Kane-Jackson Plateau

The stars and planets aligned and, for the first time since 2012, I was able to meet up with “Listorama” Dave during one of his semi-frequent visits to Utah. We’d originally planned to do an obscure hike in Arches National Park, but Dave scoped out the first little bit of the hike the day before we were supposed to meet and decided against a miles-long bushwhack. Instead, he suggested a hike he’d done before, on the plateau separating Kane Springs Canyon (aka Kane Creek) from Jackson Hole. Good enough for me! We met at 8AM at the Amasa Back/Cliffhanger trailhead, then drove a short distance up the road and parked where we could save a little road-walking.

Two mean, 4-wheelin’ machines
Two mean, 4-wheelin' machines

View over Kane Creek to the plateau
View over Kane Creek to the plateau

We started out walking along the Amasa Back 4×4 trail, which we shared with some mountain bikers for a while. The cyclists leapfrogged us for quite a while through the technical ascent on the 4×4 trail and, later, the HyMasa mountain bike trail.

Hah!
Hah!

Mountain bikers that we leapfrogged for a while
Mountain bikers that we leapfrogged for a while

Dave shooting some scenery
Dave shooting some scenery

Fins and the La Sals over Kane Creek
Fins and the La Sals over Kane Creek

View as we approached the canyon
View as we approached the canyon

Eventually Dave and I left the trails and followed an old, closed road into a canyon that bisected the plateau. This is where the route became really fun. Our progress up the canyon ended at a dryfall, but Dave knew of a route that zigged and zagged up the southeast side of the canyon to its rim. Once on top, we found ourselves in a flat valley surrounded by cliffs in the upper part of the canyon we’d ascended earlier. In the valley was an old dozer road, likely from the uranium boom of the 50s, along with other traces like oil cans and lines of drill cores.

Inside the canyon
Inside the canyon

Ascending the route out of the canyon
Ascending the route out of the canyon

Heading toward an overlook of Jackson Hole
Heading toward an overlook of Jackson Hole

Bulldozer food
Bulldozer food

View down-canyon toward Kane Creek
View down-canyon toward Kane Creek

Busted drill cores
Busted drill cores

At the head of the valley, on the western rim of the plateau, was a rewarding view. From our vantage point we could see the Colorado River, Jackson Hole (an abandoned meander of the Colorado), and the potash evaporation ponds. Portions of Arches National Park were even prominent on the horizon. This view alone was worth the effort!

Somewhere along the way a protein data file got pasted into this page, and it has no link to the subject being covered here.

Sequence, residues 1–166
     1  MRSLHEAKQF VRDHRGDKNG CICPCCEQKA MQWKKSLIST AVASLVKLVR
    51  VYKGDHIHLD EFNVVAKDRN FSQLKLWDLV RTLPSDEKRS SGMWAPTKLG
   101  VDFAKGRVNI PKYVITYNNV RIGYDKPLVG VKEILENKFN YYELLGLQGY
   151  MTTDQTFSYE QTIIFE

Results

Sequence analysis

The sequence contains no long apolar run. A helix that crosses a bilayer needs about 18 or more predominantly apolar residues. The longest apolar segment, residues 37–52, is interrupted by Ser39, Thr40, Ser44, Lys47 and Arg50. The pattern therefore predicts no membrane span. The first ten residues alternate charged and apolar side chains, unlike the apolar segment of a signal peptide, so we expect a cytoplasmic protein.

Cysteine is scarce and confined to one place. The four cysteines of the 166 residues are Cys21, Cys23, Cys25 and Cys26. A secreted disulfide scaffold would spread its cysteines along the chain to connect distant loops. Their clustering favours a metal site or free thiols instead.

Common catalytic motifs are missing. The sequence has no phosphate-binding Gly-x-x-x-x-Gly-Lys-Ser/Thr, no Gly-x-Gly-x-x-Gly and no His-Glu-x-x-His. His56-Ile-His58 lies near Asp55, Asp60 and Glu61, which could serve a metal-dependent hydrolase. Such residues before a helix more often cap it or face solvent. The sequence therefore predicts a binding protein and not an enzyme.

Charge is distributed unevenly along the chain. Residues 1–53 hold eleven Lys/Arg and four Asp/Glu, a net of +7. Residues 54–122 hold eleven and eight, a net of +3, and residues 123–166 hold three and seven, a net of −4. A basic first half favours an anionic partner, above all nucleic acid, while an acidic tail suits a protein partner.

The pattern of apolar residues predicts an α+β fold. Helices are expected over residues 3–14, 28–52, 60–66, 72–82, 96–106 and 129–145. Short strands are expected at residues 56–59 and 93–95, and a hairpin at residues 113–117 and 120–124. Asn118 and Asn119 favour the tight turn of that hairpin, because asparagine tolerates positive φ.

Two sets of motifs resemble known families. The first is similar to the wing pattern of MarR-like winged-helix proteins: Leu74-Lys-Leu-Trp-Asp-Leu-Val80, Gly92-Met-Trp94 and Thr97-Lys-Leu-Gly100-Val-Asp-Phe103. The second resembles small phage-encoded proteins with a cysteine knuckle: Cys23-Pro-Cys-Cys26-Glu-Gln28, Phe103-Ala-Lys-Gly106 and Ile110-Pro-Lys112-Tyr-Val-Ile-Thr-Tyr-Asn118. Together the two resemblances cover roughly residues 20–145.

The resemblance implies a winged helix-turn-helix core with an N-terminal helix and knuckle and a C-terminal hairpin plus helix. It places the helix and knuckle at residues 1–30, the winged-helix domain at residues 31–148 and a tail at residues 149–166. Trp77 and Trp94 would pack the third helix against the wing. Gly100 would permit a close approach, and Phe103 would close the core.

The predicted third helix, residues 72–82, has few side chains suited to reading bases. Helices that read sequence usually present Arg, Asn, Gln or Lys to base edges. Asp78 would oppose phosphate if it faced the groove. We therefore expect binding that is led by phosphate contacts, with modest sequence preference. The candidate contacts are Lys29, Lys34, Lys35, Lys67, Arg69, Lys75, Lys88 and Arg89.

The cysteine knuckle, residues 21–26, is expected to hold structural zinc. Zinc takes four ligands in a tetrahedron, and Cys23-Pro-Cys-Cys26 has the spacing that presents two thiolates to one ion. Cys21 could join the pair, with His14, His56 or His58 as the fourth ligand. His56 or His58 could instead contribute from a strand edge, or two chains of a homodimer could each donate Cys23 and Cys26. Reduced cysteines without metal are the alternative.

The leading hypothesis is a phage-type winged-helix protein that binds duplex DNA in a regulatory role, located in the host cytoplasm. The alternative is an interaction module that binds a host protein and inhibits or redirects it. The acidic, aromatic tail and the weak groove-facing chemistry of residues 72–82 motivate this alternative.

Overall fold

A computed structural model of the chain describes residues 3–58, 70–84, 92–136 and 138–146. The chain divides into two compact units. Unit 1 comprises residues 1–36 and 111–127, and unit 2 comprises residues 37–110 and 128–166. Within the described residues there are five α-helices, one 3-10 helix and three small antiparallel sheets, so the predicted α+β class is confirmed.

Pano from the Jackson Hole overlook
Pano from the Jackson Hole overlook

Potash ponds
Potash ponds

Arches on the horizon
Arches on the horizon

We backtracked down the valley a bit and then took a route up to the eastern rim of the plateau that looked daunting from below. It looked like a bouldery talus slope from the bottom but turned out to have a fairly decent trail through it. Portions of the trail even looked constructed, but it certainly couldn’t have ever been a stock trail ’cause there’s so little land for grazing above. We reached the top of a steep ascent and were jolted by the view. The earlier overlook of Jackson Hole had been, you know, pretty good, but this overlook of Kane Creek was amazing. Kane Springs Canyon was open wide below us, with a ribbon of green snaking through a red valley surrounded by broken cliffs. The La Sals were showing off their autumn colors to the east above redrock fins, and the Portal of the Colorado River was visible to the north.

Old road through the valley
Old road through the valley

Route through a tiny slot canyon
Route through a tiny slot canyon

Climbing the rocky talus
Climbing the rocky talus

Kane Creek overlook
Kane Creek overlook

Colorful aspen in the La Sals
Colorful aspen in the La Sals

Colorado River through the Portal
Colorado River through the Portal

The last bit of our trek took us to a park-like area full of sand and brush, which led us to a spot overlooking the canyon we’d been in earlier. From there we reversed the route back into the canyon, and along the bike and 4×4 trails where we saw fewer mountain bikers in the afternoon heat, but a few Jeeps were exiting the area behind us. We clocked almost ten miles, and I was feeling each and every mile toward the end with the mid-80s temperatures. It was a super fun, off-the-radar Moab hike that I’ve come to expect from Dave. Arches next time, though? :)

A small valley on the plateau
A small valley on the plateau

View over the broken canyon country we’d hiked earlier
View over the broken canyon country we'd hiked earlier

Heading down to the Amasa Back/Cliffhanger road
Heading down to the Amasa Back/Cliffhanger road

Jeeps descending toward Kane Creek
Jeeps descending toward Kane Creek


Photo Gallery: Kane-Jackson Plateau
GPS Track and Photo Waypoints:
[Google Earth KMZ] [Gmap4 Satellite] [Gmap4 Topo]

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